Setbacks Are Never Easy
Read Job 1:21
And he said,"Naked I came from my mother's womb, and naked shall I return. TheLordgave, and theLordhas taken away;blessed be the name of the Lord."
Can you worship in the storm?
In the pain of a setback, we have a choice to turn our focus inward, outward, or upward on our Lord. What have you chosen to do? (Share a story.)
Worshipping in the midst of a storm becomes a more natural reaction when it's already a regular part of our lives. How can you make this a natural part of your life?
Starting with Job 1:20, we begin to see Job's reaction to the tragic messages he had received. Does anything surprise you in these verses? If you've studied Old Testament customs, you probably already know that tearing one's clothes was a common sign of grief. Shaving of the beard was a mark of sadness for men as well.
And then he fell to the ground and worshipped the Lord.
That last part takes my breath away. Faced with the biggest setback of his life, Job turned to his Lord in worship. When I (Pam) think back to the setbacks I've experienced, I'm sad to admit that focusing on God, His glory and holiness, was usually not my initial reaction. Storms and tragedies tend to spur me into action. Rather than pausing to worship, I'm comforting others, making phone calls, and arranging details. Perhaps these actions are to avoid the pain. Perhaps they are attempts to control what is ultimately an uncontrollable situation.
What about you? Maybe setbacks immobilize you, with all your energies directed inward as you try to emotionally process the pain and shock of what has happened.
Job felt that pain too; this is why he tore his clothes and shaved his beard. Yet he didn't turn those emotions inward. He didn't focus his energy outward and jump into action. Rather, he turned his focus up--to his Lord. Job's relationship with God was so close that turning to the Lord in the midst of overwhelming grief was natural.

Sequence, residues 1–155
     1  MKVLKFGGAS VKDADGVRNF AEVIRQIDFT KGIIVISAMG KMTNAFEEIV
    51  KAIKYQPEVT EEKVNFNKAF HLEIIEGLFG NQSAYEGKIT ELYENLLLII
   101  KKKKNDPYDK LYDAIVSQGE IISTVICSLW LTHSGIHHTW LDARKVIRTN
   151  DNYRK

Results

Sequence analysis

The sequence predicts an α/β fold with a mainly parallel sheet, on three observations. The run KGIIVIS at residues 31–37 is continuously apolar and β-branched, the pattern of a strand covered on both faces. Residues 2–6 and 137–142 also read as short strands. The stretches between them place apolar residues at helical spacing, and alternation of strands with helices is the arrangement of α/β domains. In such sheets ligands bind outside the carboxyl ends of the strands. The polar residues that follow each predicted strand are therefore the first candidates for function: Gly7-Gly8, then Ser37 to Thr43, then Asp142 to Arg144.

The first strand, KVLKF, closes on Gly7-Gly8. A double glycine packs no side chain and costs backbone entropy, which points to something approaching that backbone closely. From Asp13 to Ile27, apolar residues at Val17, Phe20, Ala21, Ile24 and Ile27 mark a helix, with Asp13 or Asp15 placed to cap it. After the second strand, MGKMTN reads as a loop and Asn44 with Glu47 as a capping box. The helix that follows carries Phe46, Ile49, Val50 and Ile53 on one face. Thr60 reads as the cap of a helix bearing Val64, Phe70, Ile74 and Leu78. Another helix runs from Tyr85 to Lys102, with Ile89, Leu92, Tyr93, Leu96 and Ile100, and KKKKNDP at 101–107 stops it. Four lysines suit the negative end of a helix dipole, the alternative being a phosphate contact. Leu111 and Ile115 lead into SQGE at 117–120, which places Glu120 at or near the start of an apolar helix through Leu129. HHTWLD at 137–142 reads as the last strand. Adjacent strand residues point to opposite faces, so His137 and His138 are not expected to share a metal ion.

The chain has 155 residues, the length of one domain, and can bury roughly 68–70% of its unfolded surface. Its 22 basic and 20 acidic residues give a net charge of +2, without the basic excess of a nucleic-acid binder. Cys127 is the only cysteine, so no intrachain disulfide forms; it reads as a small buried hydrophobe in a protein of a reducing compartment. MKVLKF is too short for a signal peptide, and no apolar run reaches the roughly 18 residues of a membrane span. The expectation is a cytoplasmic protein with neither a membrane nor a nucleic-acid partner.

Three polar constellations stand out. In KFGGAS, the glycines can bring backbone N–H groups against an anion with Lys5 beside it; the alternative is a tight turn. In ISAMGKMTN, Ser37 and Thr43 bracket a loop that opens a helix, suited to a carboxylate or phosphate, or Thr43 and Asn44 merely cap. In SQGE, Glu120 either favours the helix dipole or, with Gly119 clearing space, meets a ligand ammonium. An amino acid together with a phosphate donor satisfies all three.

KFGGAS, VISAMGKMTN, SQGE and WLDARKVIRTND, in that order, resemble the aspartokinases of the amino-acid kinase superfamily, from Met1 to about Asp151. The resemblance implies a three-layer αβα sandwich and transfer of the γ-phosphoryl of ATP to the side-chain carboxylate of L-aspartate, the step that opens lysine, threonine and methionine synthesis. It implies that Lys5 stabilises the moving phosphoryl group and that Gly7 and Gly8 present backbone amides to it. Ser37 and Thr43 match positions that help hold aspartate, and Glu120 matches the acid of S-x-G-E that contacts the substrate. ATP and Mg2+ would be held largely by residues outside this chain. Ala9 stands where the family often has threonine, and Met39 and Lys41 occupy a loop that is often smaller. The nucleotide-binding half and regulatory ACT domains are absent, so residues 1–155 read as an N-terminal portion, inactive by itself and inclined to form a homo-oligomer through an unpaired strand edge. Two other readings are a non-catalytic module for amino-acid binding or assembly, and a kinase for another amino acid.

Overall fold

The terrorist attacks of September 11, 2001 sent waves of shock and grief all across the country. As people heard the news, a common reaction was to connect with family immediately. Many were also drawn to the church for prayer and comfort in the midst of unfathomable tragedy.
Similarly, in this passage, Job was seeking comfort from his Lord. He had just heard the worst news of his life, and he was running into the arms of his best friend.
Worshipping the Lord at this moment also gave Job some reassurance. Although everything in his world had just changed, one thing remained the same. God was still God, Alpha, Omega, everlasting.
In verse 21, Job stated eternal truth: everything we have on this earth is from the Lord. And inevitably some things will be taken away and we will experience the pain of loss. Still we bless God's name for who He is. And knowing that His love for us never gives up and never runs out, we can boldly run to Him amid our setbacks.
Abba Father, you are holy, Lord God Almighty. You alone are worthy of worship. Thank You, Lord, for being a mighty refuge at all times. Amen.